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I began my scathing attack on the HALLOWEEN film series by warning readers that I’d likely lose whatever credibility I’d managed to accrue since beginning my time here at AICN this past spring.  Trash-talking beloved movies is certainly nothing new to me, though it’s always been my intent to say: You don’t have to agree with me; but I’m here with an informed opinion, and my arguments come from a critical place that’s bolstered by my love and appreciation of film, and the creative process in general.  In other words, I think about this stuff, and always hope that any teardown is viewed as something more than I don’t like it because I don’t like it.

With that said, there are certain franchises that do nothing for me, and I (hope) I can articulate why.  Typically, it has less to do with personal taste than with the handling of an expanding, sequel-based narrative.  My dismissal of the Michael Myers saga had less to do with the actual content of the films themselves than the fact that the content contained therein is constantly contradicting itself, due in large part to the series hitting the reset button so many times that it’s almost impossible to follow.  By contrast, FRIDAY THE 13TH is so much fun because it lacks HALLOWEEN’s air of self-seriousness, and clearly doesn’t give a fuck whether it makes sense or not.  There are no attempts to clear the slate and redefine itself; it just keeps going, adding or subtracting from previous entries, rather than having the heroine from the first installment repeatedly coming back as what is essentially a new character altogether.

Clearly I’m wrong, though, because HALLOWEEN endures.  It’s never reached the level of popularity of, say, A NIGHTMARE ON ELM STREET or the Voorhees saga; yet it refuses to die, like an escaped lunatic fallen from a bedroom window.  The very fact that it can experience (suffer?) so many reboots is proof of the brand’s longevity.

But what about the franchises that don’t have that level of appeal?  The ones that never quite took off, or existed only in the form of Direct to Video release?  Why didn’t they experience a similar mainstream appeal, and yet enjoyed an intense cult following by way of sequels no one else ever saw?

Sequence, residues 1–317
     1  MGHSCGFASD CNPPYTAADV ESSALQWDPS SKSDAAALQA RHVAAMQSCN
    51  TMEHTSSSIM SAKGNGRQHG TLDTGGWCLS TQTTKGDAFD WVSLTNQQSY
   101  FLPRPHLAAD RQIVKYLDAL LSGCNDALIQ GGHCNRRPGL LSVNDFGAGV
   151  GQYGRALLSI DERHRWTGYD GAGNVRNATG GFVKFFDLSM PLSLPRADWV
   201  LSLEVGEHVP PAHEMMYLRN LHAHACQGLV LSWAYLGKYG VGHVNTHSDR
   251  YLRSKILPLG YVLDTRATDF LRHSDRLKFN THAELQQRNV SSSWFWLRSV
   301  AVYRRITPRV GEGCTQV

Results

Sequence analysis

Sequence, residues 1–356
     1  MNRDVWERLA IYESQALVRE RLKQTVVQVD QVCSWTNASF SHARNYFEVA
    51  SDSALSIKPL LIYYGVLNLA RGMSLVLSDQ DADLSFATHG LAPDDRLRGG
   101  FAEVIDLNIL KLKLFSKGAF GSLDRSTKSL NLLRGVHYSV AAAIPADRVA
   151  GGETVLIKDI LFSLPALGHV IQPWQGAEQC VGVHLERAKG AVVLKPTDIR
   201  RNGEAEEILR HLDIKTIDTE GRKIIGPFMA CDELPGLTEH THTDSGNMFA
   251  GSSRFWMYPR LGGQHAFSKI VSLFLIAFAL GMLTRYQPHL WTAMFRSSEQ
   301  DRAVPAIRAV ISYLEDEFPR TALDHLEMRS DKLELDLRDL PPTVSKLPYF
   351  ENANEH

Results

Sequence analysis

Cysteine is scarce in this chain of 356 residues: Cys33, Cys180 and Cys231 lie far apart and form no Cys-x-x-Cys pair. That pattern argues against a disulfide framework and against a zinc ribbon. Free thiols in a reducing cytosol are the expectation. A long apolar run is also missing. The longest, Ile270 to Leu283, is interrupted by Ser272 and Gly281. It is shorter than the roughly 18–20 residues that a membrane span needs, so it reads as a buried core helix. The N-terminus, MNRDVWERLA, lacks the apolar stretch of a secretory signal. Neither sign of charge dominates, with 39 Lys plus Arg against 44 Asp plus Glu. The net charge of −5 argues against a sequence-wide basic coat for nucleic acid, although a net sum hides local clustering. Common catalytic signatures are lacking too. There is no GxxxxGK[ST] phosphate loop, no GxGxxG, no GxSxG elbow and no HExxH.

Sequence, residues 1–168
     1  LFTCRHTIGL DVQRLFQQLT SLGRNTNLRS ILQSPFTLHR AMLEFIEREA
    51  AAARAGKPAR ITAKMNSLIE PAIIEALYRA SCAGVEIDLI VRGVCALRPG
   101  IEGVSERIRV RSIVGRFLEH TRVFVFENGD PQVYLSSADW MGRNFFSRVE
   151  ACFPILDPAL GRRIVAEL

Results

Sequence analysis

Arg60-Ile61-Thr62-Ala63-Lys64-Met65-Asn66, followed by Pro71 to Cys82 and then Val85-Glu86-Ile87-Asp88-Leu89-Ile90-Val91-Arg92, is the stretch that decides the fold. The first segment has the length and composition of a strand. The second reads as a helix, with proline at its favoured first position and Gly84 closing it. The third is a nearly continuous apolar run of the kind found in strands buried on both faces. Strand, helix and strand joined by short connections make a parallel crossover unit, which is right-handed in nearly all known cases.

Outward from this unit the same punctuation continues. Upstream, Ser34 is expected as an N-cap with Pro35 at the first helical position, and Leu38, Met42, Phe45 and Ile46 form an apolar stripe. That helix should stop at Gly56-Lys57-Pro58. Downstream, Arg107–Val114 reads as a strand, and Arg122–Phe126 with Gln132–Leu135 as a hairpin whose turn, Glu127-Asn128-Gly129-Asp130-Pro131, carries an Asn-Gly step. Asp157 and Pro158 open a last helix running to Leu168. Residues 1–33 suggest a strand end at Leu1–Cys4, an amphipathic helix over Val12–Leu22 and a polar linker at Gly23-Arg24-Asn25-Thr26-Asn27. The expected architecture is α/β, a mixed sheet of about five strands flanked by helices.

The first and most obvious series is THE TEXAS CHAINSAW MASSACRE, which functions as a bizarre hybrid of these two models.  Tobe Hooper’s original film is a stone-cold classic, and its rather poor quality enhances the experience rather than detracting from it; the grungy, DIY style lends credence and believability, and introduces the rather unsettling feeling that we’re watching a documentary, if not a Snuff Film.  It’s that “one step up from porn” atmosphere I wrote about previously, and one that’s missing from every entry that followed.  The first sequel descends into camp lunacy, and drew most of its views based on VHS cover art that promised a different film altogether.  The third film – promoted via a bizarre EXCALIBUR-themed teaser trailer – is best known among aficionados for 1) being one of the earliest soft reboots; 2) having multiple versions that are all basically the same thing; and 3) featuring a young Viggo Mortensen; it’s not remembered by mainstream audiences for these or any other reasons.  The fourth film sat on the shelf and was (seemingly) only released on video to capitalize on the sudden emergence of then-unknown stars Matthew McConaughey and Renee Zellweger.*  The 2004 remake launched TEXAS CHAINSAW (and star Jessica Biel) into the mainstream, but its sequels went largely unseen, and the series now languishes, largely forgotten save for the original film. 

Likewise curious is the OF THE DEAD movies.  If THE TEXAS CHAINSAW MASSACRE remains one of the most influential independent Horror films of all time, its immediate predecessor, NIGHT OF THE LIVING DEAD, warrants similar consideration.  Romero’s zombie classic is the zombie classic, and the template for nearly every successor that followed.  The problem is that the template swiped by later filmmakers was Xeroxed by Romero himself, both in DAWN OF THE DEAD and DAY OF THE DEAD.  You have a mix of people from different social and ethnic backgrounds trapped in a single location, and their prejudices and hostilities are given free rein as flesh-eaters try to get inside.  Hardly an original concept (Serling had already toyed with similar ideas in TWILIGHT ZONE episodes like “The Shelter”), NIGHT OF THE LIVING DEAD is nonetheless the finest example of the subgenre.**  Whatever the merits or deficiencies of the sequels, LAND OF THE DEAD, the late-to-the-party fourth entry, played theatrically to largely empty movie houses, and the following episodes – DIARY OF THE DEAD and SURVIVAL OF THE DEAD – went straight to Blockbuster, where they fared better than they otherwise would have had they gone the more traditional route.